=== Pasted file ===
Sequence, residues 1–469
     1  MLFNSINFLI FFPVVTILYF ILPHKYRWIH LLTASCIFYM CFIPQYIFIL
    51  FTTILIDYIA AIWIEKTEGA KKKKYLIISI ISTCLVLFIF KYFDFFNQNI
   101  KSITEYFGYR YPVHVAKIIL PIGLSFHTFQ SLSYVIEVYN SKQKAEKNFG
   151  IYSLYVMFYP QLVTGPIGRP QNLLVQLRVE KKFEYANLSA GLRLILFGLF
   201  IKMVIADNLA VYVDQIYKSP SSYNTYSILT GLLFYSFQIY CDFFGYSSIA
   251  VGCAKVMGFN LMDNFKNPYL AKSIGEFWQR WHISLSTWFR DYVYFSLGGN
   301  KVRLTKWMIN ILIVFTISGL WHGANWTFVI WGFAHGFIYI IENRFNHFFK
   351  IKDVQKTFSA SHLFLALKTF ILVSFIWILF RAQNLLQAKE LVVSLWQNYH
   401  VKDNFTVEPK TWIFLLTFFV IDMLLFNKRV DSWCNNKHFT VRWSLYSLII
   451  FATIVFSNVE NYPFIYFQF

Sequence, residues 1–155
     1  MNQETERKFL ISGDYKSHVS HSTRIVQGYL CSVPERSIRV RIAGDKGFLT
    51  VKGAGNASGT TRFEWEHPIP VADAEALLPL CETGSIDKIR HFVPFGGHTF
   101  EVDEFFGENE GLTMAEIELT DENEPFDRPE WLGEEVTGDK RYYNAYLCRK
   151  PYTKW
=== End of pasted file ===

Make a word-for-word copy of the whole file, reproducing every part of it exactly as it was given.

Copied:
Sequence, residues 1–469
     1  MLFNSINFLI FFPVVTILYF ILPHKYRWIH LLTASCIFYM CFIPQYIFIL
    51  FTTILIDYIA AIWIEKTEGA KKKKYLIISI ISTCLVLFIF KYFDFFNQNI
   101  KSITEYFGYR YPVHVAKIIL PIGLSFHTFQ SLSYVIEVYN SKQKAEKNFG
   151  IYSLYVMFYP QLVTGPIGRP QNLLVQLRVE KKFEYANLSA GLRLILFGLF
   201  IKMVIADNLA VYVDQIYKSP SSYNTYSILT GLLFYSFQIY CDFFGYSSIA
   251  VGCAKVMGFN LMDNFKNPYL AKSIGEFWQR WHISLSTWFR DYVYFSLGGN
   301  KVRLTKWMIN ILIVFTISGL WHGANWTFVI WGFAHGFIYI IENRFNHFFK
   351  IKDVQKTFSA SHLFLALKTF ILVSFIWILF RAQNLLQAKE LVVSLWQNYH
   401  VKDNFTVEPK TWIFLLTFFV IDMLLFNKRV DSWCNNKHFT VRWSLYSLII
   451  FATIVFSNVE NYPFIYFQF

Sequence, residues 1–155
     1  MNQETERKFL ISGDYKSHVS HSTRIVQGYL CSVPERSIRV RIAGDKGFLT
    51  VKGAGNASGT TRFEWEHPIP VADAEALLPL CETGSIDKIR HFVPFGGHTF
   101  EVDEFFGENE GLTMAEIELT DENEPFDRPE WLGEEVTGDK RYYNAYLCRK
   151  PYTKW